Chapter

Heritage, Memory, and Identity Work

Lee A. Smithey

in Unionists, Loyalists, and Conflict Transformation in Northern Ireland

Published in print August 2011 | ISBN: 9780195395877
Published online September 2011 | e-ISBN: 9780199914470 | DOI: http://dx.doi.org/10.1093/acprof:oso/9780195395877.003.0006

Series: Studies in Strategic Peacebuilding

Heritage, Memory, and Identity Work

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This chapter examines the potentials for cultural traditions or heritage work to contribute to conflict transformation in Northern Ireland. The construction of memory and identity are closely related and must be considered in any assessment of collective identity change. The Orange Order, bands, and amateur historical and cultural organizations, among others, have developed programs that focus on histories of Protestant experience including origin myths, migration, industry, military battles, and political struggles. Such programs constitute a form of single-identity work that runs risks of generating division and prejudices. However, they can also build confidence and provide grounds for cross-community dialogue and the development of more diverse, sophisticated, and shared historical narratives and identities. Interview data reveal instances of reframing Protestant, unionist, and loyalist collective memory that counter zero-sum mentalities.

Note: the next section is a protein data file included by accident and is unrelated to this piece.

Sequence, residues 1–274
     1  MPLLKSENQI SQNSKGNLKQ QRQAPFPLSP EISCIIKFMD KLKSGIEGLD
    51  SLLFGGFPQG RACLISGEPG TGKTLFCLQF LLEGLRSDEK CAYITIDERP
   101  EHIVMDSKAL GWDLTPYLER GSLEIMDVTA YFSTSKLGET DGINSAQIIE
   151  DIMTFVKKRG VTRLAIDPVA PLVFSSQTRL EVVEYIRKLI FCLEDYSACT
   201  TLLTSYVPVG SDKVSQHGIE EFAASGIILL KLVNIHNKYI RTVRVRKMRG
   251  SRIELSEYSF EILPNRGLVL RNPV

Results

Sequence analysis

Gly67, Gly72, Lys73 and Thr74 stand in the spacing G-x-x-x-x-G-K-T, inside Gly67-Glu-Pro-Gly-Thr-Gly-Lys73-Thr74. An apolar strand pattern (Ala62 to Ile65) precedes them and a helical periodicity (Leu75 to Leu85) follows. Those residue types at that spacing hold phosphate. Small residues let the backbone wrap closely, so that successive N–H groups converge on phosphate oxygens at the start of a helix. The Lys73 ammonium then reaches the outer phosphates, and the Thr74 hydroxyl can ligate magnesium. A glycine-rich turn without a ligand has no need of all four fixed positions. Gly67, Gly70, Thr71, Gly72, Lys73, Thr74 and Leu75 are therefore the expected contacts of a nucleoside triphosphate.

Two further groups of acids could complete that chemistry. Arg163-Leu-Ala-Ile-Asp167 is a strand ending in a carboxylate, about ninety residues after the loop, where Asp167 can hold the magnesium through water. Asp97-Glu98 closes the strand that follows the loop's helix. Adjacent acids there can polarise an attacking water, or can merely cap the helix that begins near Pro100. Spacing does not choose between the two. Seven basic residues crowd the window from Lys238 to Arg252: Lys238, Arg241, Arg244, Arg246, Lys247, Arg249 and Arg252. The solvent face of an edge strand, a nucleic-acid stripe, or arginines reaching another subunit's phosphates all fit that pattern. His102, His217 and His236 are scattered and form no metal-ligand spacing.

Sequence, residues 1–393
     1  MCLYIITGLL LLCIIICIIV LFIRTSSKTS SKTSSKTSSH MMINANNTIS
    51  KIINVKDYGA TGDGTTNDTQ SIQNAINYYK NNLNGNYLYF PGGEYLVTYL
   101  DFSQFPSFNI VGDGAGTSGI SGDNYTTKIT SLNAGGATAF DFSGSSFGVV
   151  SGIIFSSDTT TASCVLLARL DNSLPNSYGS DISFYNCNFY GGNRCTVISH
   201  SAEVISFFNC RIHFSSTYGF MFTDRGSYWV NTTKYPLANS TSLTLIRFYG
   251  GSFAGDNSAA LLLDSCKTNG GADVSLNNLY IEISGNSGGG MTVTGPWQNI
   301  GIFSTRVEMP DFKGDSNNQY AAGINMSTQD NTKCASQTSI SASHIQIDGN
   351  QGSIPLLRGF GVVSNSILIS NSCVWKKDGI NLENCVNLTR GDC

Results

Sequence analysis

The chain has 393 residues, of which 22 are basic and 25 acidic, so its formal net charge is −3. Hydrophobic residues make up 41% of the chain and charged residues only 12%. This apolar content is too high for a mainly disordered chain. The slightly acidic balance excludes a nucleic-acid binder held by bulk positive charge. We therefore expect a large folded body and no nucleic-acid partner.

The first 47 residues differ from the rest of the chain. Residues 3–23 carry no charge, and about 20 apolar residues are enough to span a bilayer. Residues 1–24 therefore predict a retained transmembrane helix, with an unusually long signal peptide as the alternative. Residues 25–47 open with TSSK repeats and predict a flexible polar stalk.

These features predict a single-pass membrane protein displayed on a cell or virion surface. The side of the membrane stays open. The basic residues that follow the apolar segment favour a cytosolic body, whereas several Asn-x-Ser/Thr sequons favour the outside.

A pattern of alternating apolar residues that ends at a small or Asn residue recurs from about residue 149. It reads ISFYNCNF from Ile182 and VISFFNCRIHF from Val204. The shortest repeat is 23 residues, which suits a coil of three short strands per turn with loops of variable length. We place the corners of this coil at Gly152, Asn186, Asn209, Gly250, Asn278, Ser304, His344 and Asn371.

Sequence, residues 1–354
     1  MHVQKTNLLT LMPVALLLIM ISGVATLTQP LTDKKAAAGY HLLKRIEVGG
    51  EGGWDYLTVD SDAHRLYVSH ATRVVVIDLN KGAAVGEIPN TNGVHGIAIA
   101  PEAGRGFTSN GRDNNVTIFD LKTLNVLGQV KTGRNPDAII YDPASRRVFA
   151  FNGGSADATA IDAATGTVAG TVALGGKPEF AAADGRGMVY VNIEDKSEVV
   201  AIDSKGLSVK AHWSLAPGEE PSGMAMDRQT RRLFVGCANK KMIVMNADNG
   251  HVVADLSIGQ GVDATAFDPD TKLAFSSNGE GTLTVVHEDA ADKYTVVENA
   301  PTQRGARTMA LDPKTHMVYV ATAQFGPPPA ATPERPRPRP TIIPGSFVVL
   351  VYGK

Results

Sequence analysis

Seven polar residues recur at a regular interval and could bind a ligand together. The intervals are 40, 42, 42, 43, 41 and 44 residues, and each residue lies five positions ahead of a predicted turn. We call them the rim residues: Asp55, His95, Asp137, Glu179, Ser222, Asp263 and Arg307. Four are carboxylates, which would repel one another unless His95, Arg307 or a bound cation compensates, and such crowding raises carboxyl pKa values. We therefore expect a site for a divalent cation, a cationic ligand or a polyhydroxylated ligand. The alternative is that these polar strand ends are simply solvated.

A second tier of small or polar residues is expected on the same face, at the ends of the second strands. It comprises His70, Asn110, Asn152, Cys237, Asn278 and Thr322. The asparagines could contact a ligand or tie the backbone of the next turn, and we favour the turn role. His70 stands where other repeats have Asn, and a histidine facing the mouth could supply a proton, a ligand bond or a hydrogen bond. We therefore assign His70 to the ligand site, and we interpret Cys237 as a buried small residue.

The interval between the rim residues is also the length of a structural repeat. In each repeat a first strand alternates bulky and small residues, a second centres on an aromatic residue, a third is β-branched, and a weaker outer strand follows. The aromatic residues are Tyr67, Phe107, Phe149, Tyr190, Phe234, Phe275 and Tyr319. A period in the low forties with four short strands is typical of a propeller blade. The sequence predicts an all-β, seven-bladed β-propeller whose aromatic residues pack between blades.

Keywords: collective memory; conflict transformation; cultural traditions; Northern Ireland; collective identity; community relations; single identity

Chapter.  17478 words.  Illustrated.

Subjects: Religious Studies

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